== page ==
‘Thistlefoot’ Brings Extra Emotion to Folktales

Home is where the heart is. In the case of GennaRose Nethercott’s debut novel, Thistlefoot, home can be wherever home chooses to go. And along being the resting place for the heart, home is also where generational trauma from an entire community comes to roost. The Yaga siblings were once close. Helping their parents runContinue reading “‘Thistlefoot’ Brings Extra Emotion to Folktales”

‘Counterfeit’ a Thrilling Morality Test

Ages ago, I listened to a podcast series out of Princeton applying LSAT logic to everyday arguments and news. The host would end each episode by asking, “Who’s right? Who’s wrong? Who cares? We’re more interested in the journey than the destination.” The podcast ended during the Obama administration, but I found myself considering thatContinue reading “‘Counterfeit’ a Thrilling Morality Test”

‘Marvellous Light’ A Magical Mystery

Regency era gets so much love, pun intended, when it comes to romance and reimagined history. The Victorians get all the credit for every beautiful—and weirdly oppressive—thing from the turn of the century. But in A Marvellous Light, author Freya Marske pours glamor, manners, magic, and more than a little longing into the Edwardian era.Continue reading “‘Marvellous Light’ A Magical Mystery”

‘Signal to Noise’ Full of Spellbinding Nostalgia

Way back in my childhood days, the 80s had passed recently enough that nothing about them was cool. The 70s, sure, but the 80s? As if. Time has a way of making old things new again, though, as evidenced by the Stranger Things kids and all the other 80s properties stirring up nostalgia and retroContinue reading “‘Signal to Noise’ Full of Spellbinding Nostalgia”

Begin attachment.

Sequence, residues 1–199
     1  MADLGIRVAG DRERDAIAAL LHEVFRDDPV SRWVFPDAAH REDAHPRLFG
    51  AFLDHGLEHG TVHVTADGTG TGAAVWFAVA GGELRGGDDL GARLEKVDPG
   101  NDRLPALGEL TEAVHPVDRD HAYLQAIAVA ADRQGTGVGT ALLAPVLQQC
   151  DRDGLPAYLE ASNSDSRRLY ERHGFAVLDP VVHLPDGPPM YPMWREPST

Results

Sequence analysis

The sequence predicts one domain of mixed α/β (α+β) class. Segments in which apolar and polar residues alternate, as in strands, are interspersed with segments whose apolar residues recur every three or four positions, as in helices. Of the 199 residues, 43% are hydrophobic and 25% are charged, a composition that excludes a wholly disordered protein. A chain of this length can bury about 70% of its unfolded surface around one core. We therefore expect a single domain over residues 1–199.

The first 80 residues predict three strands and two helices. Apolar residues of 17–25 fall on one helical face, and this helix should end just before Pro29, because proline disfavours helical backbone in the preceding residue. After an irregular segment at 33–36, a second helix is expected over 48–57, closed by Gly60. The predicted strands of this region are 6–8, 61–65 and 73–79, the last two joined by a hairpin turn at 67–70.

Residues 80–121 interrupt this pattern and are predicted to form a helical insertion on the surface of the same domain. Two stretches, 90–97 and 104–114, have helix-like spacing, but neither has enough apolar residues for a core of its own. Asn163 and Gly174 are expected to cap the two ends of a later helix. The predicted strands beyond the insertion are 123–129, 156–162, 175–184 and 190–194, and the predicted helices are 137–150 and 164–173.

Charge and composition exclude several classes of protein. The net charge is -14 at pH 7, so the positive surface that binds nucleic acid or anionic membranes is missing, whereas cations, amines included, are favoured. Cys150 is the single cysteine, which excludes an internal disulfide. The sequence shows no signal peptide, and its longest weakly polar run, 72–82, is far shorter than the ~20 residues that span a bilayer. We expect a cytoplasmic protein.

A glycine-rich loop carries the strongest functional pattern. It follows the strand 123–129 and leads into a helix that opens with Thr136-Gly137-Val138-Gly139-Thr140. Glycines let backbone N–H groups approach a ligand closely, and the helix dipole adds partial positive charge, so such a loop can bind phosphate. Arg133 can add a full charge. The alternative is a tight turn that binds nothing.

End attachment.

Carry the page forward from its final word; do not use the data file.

‘Tiger’ Brings High Stakes to Growing Up

The “coming of age” story usually refers to a teen growing up, but real life doesn’t have just one of those moments. And in my experience in young adulthood, finding out who I was happened much farther into my twenties than I’d like to admit—if it truly happened at all. In that way, the mainContinue reading “‘Tiger’ Brings High Stakes to Growing Up”

‘Sea of Tranquility’ Dizzying and Beautiful

I’ve heard raves about Station Eleven for years, as well as, more recently, The Glass Hotel. But my first attempt into Station Eleven didn’t get me far so I just assumed Emily St. John Mandel wasn’t a writer for me. I’m not sure how to quantify how wrong I was. Because within pages of Mandel’sContinue reading “‘Sea of Tranquility’ Dizzying and Beautiful”

‘Iron Widow’ Smashes Expectations and Patriarchy

There are some books that are quiet, meditative pieces on, say, the nature of love. The meaning of life. The depths of loneliness. How hope can soar and crash and rise again. Xiran Jay Zhao’s Iron Widow is none of these things, and it’s proud of it. Zetian has lived to make herself as unattractiveContinue reading “‘Iron Widow’ Smashes Expectations and Patriarchy”

‘The Fervor’ An Uncomfortably Relevant Horror

Good horror will send a shiver down your spine. Great horror will revisit you in your quiet moments, reminding you that you’re never quite safe. But the best use of horror is the one that both frightens its audience and shows that the things that go bump in the night are nothing compared to whatContinue reading “‘The Fervor’ An Uncomfortably Relevant Horror”

‘Spindle’ Lovingly Splinters Fairy-Tale Tropes

There’s been no shortage of fairy tale retellings or mythology reinterpreted lately. Alix E. Harrow‘s A Spindle Splintered is proof positive that another addition to a well-populated genre can still be done uniquely and oh-so-effectively. Zinnia Gray is doomed to die. She’s one of the last surviving members of an unfortunate club of kids whoContinue reading “‘Spindle’ Lovingly Splinters Fairy-Tale Tropes”